Our all-stars

Time to take stock of what has worked this year — or not. Here are some favorites:
Cardinal lobelia. Love the red, love the long blooms, love how it stands out. Need to get more.
Sneezeweed (Helenium). We have red/yellow/orange blooms that pick up so many other colors in the garden. It bloomed a long time too. Only quibble is we don’t have enough to make it stand out. Hopefully it will need dividing soon. In the meantime, it’s on next year’s list for the Master Gardeners plant sale.
Red-hot poker.

Red-hot pokers and the rest of the garden in June
Red-hot pokers and the rest of the garden in June

The blooms (more red/orange/yellow) only last for a couple of weeks, but the effect was spectacular. These seem to need frequent dividing, in case someone wants to put a hand up.
Blanket flower. I was ready to give up on them last year, but this year they have done fantastically. More long blooms (or new blooms), red and yellow, so eye-catching too. it apparently is easily established from seed, which is good since I recently found a packet.
Black-eyed Susans. Our drift of them is gorgeous, just needs to be repeated at the other end of the front bed. Maybe we should try the ones that have some red/burgundy in them.

Nicotinia, with sneezeweed behind
Nicotiana, with sneezeweed behind

For the same amount of effort of growing from seed, flowering tobacco has outdone zinnias (which admittedly now look really good, aided I presume by that spurt of hot weather.) Would like some that are deeply scented next time. I may have finally learned to spell this properly.
Rose campion. These magenta flowers are among my favorites in June. Can’t get enough of them.


All mixed up!
All mixed up!

We have so many, and the varieties are fairly well mixed. The front bed is full of them in April. What more could you want as you come out of winter?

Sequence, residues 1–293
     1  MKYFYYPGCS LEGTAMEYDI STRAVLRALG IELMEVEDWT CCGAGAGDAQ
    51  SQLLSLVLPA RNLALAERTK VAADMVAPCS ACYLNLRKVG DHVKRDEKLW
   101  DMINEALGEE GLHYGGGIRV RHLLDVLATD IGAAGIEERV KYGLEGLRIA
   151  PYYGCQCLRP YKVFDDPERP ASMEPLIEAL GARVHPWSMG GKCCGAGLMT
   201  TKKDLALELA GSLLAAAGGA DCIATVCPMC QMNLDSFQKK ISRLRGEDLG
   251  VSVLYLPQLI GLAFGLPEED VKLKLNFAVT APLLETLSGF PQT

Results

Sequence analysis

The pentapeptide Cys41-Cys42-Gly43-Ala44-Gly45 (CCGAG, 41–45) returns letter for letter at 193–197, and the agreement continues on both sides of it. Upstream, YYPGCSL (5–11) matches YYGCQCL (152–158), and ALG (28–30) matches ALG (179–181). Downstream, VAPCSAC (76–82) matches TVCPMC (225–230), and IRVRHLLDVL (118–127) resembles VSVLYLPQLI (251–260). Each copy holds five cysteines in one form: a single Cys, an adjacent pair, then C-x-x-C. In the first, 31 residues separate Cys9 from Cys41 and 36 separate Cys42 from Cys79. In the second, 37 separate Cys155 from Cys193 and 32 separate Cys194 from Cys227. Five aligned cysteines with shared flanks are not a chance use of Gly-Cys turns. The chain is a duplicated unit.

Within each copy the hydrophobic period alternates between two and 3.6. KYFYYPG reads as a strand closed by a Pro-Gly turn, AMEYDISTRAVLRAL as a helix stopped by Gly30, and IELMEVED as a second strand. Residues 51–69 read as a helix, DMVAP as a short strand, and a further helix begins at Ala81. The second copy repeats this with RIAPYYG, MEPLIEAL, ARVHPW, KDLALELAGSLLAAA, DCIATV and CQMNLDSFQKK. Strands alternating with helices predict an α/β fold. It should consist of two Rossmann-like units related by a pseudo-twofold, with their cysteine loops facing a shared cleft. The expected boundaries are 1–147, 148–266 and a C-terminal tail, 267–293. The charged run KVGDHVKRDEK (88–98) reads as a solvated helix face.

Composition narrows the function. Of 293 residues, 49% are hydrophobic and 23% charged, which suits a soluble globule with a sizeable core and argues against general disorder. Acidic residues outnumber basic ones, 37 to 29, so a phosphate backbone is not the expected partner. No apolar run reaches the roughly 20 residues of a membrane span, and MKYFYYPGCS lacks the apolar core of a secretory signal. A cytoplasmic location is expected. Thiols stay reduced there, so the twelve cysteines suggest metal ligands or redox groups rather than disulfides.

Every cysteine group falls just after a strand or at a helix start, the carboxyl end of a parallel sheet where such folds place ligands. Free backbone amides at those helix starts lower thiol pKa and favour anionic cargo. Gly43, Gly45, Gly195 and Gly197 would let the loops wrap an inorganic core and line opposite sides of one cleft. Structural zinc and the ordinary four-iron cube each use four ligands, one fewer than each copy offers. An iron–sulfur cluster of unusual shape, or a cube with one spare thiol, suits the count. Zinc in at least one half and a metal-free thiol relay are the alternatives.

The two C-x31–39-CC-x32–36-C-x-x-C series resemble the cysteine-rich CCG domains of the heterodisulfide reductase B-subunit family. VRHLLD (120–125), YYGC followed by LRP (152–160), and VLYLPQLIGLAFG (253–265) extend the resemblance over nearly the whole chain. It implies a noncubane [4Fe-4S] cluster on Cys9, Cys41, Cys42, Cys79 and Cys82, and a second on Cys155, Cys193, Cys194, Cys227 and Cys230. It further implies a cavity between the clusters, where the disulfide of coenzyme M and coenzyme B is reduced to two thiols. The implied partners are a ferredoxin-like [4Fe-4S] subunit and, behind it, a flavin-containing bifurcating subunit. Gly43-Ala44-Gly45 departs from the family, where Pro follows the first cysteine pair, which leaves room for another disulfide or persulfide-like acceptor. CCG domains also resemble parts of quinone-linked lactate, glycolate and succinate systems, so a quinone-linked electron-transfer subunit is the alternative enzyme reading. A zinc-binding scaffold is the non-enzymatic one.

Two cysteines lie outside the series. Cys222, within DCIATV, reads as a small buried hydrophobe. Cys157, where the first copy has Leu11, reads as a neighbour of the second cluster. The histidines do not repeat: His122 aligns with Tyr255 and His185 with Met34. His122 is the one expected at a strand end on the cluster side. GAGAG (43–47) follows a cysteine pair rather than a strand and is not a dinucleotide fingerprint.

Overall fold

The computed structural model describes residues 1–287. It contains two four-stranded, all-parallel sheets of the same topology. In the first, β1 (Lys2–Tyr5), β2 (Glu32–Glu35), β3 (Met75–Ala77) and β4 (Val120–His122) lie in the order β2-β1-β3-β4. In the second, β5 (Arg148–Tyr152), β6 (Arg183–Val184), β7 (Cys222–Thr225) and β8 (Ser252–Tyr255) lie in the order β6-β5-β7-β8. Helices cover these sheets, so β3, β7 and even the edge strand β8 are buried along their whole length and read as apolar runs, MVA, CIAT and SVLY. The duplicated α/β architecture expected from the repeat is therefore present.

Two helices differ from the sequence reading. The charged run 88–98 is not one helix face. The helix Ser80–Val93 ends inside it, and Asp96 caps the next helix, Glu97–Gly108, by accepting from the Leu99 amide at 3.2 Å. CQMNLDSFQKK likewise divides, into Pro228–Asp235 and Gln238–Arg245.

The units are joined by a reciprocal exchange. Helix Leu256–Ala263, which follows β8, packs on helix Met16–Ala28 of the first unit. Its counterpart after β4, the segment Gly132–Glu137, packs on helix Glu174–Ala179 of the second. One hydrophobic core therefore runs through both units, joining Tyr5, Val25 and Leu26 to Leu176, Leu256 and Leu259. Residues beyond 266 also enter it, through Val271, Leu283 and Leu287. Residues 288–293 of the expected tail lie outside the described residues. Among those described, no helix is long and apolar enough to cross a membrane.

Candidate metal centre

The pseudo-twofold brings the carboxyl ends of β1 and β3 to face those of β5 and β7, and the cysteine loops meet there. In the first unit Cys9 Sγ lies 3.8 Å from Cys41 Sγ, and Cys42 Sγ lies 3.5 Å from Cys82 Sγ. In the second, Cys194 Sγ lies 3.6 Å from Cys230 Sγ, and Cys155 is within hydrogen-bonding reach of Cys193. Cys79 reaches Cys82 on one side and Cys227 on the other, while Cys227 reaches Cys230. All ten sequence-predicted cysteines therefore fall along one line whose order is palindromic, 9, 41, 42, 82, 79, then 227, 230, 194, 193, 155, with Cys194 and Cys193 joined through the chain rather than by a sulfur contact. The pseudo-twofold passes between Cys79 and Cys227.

Coleus. This annual was slow to start (and did best in pots), but adds some nice zing now. Hoping to overwinter some so we get a jump on 2010.
Yucca. I wasn’t a fan when we were given a bunch a few years back, but they’ve really grown on me. Love the strong leaves and how it looks in winter. And was surprised at how they bloomed this year.

— what the deer discovered: asters and clematis. Too heavily munched. The light blue asters that covered the porch railing last year barely make it to the bottom of the porch.
David phlox didn’t do much this year.


We’re ready to try our hand at growing fruit, not just vegetables and flowers.
Influenced by “Landscaping With Fruit,” a new book by Lee Reich that we heard about on “You Bet Your Garden,” we snapped up a couple of blueberry bushes and a red currant plant at a local nursury’s half-price sale. Who knew that blueberry bushes turn red in the fall, offering more interest than just fruit? And both are deer-resistant.
The blueberries will go in the front yard, one near a burning bush planted a couple of years ago on one side of the driveway and the other on the other side of the drive as an extension of the flower bed near the Black-Eyed Susans. Both should get plenty of sun. We’ll have enough time this winter to plot how we will keep the birds from eating all the berries.
The red currant will go in the bed along the back deck, letting it use the railing as a trellis. This one apparently likes some shade, so this is a good location to tone down the sun. If we can keep the birds away long enough, think of the jam I can make…
We’re also thinking about pears, if we can find some and make sure we have enough room to space out a couple between two other trees. Friends had some in zone 5 and had more than enough for themselves and the animals. But maybe that’s next year’s project.

How’s the fruit and veg, you ask?

Six days ago, we picked just about every ripe or almost-ripe tomato in the beds and brought them along on a visit to friends in Maine (where she has lots of healthy tomato plants in Earth Boxes and lots of green tomatoes, but nothing ripe yet).